Last Night in Shanghai

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David, Tobias and I finished a two-week d-TACTICS workshop in China yesterday. Together we took the subway and the maglev train to the airport. The train was fun. We reached 300kph while looking out the window at the cars stuck in traffic, blowing horns like the Chinese like to do. It took 7 minutes to get from Central Shanghai to the train platform between the two terminals. The total cost of the trip from the far side of Shanghai was about $7 for the train and 70 cents for the subway, compared to $80 to go the other way in a taxi.

Tobias managed to get a late flight back to Germany last night. David left for London this morning, and I will leave tomorrow for the U.S. then back to Panama. I have to go to Alabama to pick up some spare parts for my sailboat, which I left at my sister’s house, then head for Panama and back to the Ariadne, my sailboat.

I am in the Shanghai Pudong Ramada Hotel at the airport now on the 7th floor. This is my third trip to China in the last 8 weeks. I reached Diamond level on Delta airlines this year, a reward I hope never to get again. Yesterday, I got a call from one more client to come to help with a problem. I turned them down, as much as I wanted to stay, but I think I wanted to go home. I have made a lot of sacrifices over the years when people have called, rarely if ever having the sense to say, “no.” I am 65 years old. It’s time. Even David and Tobias said to go home.

The sky is as clear a New Hampshire morning, a rare event here in Shanghai. In one direction from my 7th floor room I can see the runway, with one large plane after another taking off for cities halfway round the world. When I look the other way, there are so many ships carrying freight that every day looks like the Invasion of Normandy, or perhaps the Battle of Leyte Gulf since we are in the Pacific. Can the demand for goods around the world really be so large? Who is buying all that stuff? Does it all have to be made in China?

Maybe, just maybe, there are a few things on those ships The New Science of Fixing Things helped make a little better. Maybe there are engineers in the factories where we have worked and taught, who can make things better and are more reliable. Maybe there are a few folks here in Shanghai who will remember us after we fly away, because they had fun learning to do their jobs better, faster and are confident in the products they make.

I hope so. It really matters to me. It seems as if the fundamentals of making things aren’t so fundamental any more. But we have fun teaching it and I am grateful for those who invite us to work with them. I am the luckiest engineer I know. I like the work, and the people we work with around the world.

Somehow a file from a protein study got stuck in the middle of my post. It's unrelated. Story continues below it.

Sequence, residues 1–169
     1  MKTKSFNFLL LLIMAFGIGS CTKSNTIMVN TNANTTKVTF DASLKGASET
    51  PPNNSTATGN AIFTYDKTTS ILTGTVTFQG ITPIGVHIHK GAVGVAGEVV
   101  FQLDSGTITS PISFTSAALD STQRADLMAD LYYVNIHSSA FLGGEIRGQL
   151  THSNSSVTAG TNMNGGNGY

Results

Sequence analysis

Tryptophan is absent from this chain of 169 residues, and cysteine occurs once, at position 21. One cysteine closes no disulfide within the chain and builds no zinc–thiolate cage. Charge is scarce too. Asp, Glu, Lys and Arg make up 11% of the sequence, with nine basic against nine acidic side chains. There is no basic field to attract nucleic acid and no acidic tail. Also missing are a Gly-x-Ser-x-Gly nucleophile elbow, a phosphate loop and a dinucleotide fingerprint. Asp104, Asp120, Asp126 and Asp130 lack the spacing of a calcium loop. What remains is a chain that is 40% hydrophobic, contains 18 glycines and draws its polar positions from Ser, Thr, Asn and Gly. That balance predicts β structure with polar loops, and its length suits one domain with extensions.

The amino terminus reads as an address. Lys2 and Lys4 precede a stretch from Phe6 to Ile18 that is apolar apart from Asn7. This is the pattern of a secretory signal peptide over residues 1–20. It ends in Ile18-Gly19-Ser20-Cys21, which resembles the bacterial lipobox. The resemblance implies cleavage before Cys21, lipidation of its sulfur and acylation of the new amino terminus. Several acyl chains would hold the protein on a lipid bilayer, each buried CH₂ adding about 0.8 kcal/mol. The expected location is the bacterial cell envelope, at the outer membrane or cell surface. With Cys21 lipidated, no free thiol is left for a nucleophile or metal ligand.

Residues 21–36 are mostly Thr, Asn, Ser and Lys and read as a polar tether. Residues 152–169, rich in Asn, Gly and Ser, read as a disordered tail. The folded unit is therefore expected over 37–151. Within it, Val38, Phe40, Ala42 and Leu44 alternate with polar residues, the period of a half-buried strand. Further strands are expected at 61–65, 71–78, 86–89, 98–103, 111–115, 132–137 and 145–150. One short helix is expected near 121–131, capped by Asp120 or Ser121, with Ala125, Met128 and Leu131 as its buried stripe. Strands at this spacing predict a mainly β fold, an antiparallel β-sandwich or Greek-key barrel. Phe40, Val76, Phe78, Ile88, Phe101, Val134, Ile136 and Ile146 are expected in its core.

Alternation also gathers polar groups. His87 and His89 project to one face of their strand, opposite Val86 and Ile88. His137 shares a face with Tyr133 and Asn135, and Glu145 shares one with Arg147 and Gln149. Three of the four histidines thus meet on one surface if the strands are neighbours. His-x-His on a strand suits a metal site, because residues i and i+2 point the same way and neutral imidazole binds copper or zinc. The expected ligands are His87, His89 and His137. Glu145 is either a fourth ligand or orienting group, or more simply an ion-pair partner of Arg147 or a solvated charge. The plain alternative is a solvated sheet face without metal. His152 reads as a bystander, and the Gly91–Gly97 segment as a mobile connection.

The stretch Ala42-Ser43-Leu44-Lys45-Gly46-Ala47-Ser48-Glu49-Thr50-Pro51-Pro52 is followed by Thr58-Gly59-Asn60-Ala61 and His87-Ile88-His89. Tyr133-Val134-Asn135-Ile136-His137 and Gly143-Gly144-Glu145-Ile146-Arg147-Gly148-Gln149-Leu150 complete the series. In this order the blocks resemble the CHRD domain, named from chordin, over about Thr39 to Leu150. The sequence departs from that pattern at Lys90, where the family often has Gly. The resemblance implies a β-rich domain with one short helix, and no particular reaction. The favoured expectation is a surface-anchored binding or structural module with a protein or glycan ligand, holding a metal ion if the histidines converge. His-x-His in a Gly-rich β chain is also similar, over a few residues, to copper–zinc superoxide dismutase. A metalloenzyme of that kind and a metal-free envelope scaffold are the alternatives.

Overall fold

I know when things started to get more confusing for manufacturing engineers. It was when we replaced, or tried to replace, sound reasoning with computers and thousands of data points when only a few will do. Projects that should take an hour or a day often take a month or a year, by people who make claims about continuous improvement and six-sigma.

We had a couple of projects this week that were rather simple (just because it’s simple doesn’t mean it is easy.) Simple projects, properly told in a story are very revealing. Simple projects teach us the fundamental principles we need to adhere to when the tough ones come along.

One project was claimed as a run-out issue on a shaft-pinion assembly. (It still gets under my skin when someone calls a problem an issue, but these folks are Chinese and heard this nonsense from Americans, so I meditated for a second and let it go.) Just as we always do at the beginning of a project, we have to sit through a presentation of useless statistics confused with problem solving tools. We looked at a process capability analysis of run-out which came from measuring lots of parts, revealing nothing useful, but claims of stability or lack thereof.

You cannot diagnose anything based on measuring shaft run-out. It can’t be done. There is a simple test for how helpful a measurement system is for diagnosis. If the value is calculated, then don’t use it. (There are exceptions, and we know them all.) Run-out is generated by setting an indicator on a shaft, rotating the shaft 360° and reading the full sweep of the indictor; in other words, subtracting the smallest value from the largest value. It’s calculated, and looses useful positional information.

I read Keki Bhotes book on World Class Quality 25 years ago, and knew that what he was proposing in the infamous rotor shaft case he copied from Dorian Shainin was flawed. It was flawed because he used the shaft diameter, a measurement that is independent of how the machines tool created it. A lathe creates a point in space some distance from the axis of rotation, a radius. Thus, a diameter is a sum of two radii, a weak approach to professional problem solving. Simple enough. Unfortunately, Keki used this case to teach multi-vari to thousands over the years from a starting point that has little to do with the action of the machine, but rather a universal decomposition into within part, part-to-part and time-to-time.